375 Hudson Street

375 Hudson Street has been a leader in setting the pace for sustainability in Downtown commercial real estate for nearly a decade.

Sometimes a little label can mean a lot. Anyone who has spent any time shopping for a home appliance knows what the Energy Star label means — that the thing to which the label is affixed is more efficient than at least 75 percent of its competition. As with dryers, so with buildings, although when 375 Hudson Street became one of just five New York City buildings to receive an Energy Star rating from the EPA in 2007 it wasn’t exactly a surprise. In 2010, the tower became the first office building anywhere in New York City to earn Gold certification under USGBC’s LEED for Existing Buildings: Operations & Maintenance rating system.

375 Hudson Street has, after all, been setting trends for years. The 19-story high rise became the first downtown Manhattan office building to attract a major uptown tenant when advertising giant Saatchi and Saatchi bolted to 375 Hudson Street in 1985, and remains the anchor tenant of the building’s 1,093,934 square feet of Class A office space.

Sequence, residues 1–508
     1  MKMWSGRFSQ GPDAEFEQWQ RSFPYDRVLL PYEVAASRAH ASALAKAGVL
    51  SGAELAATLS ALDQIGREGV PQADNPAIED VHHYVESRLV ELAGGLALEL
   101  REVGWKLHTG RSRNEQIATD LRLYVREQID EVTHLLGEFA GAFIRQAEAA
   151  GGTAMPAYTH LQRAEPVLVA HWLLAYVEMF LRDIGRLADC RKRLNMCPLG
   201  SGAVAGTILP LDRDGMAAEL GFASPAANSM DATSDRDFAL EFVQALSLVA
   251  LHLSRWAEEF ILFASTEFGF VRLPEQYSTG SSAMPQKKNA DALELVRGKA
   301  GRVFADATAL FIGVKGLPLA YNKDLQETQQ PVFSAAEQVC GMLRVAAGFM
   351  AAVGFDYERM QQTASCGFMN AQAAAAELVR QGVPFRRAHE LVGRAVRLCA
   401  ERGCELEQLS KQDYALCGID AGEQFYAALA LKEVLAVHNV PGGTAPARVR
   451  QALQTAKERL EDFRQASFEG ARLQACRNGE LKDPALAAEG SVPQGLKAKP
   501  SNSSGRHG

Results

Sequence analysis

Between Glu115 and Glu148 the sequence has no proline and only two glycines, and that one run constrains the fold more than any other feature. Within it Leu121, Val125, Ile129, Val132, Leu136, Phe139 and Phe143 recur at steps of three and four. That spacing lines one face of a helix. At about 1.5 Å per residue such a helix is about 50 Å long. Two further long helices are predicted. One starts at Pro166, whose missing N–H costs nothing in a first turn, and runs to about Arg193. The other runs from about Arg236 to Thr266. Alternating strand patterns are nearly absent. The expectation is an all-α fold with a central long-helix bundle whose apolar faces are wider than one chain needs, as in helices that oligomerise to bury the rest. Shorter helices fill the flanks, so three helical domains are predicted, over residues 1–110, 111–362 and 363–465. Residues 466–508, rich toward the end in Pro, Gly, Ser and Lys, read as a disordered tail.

Its location at the corner of West Houston and Hudson would secure 375 Hudson Street’s cool cred on its own, but its ultra-efficient operations and demonstrated commitment to sustainability ensures that its credibility will continue to increase in years to come. That’s a label a lot of buildings would love to wear.

Address
375 Hudson St, New York, New York  
Submarket
Hudson Square 
Certifications
LEED–EB: OM, Gold; Energy Star 
Stories
19 
Owner
Tishman Speyer 
Architect
Emery Roth & Sons 
Year Built
1989 
Square Footage
1.1 million square feet 
Notes
Energy Star awarded in 2010 (92), 2009 (91), and 2007 (87); first LEED–Certified retrofit project in New York City; dropped annual energy consumption by 110,000 kWh; tenant roster also includes Penguin Group 

Features

  • Expanded Building Recycling Program
  • Green Roof
  • New Plumbing Fixtures
  • Upgraded Heat Exchangers and HVAC System
  • Variable Frequency Drives on Cooling Fans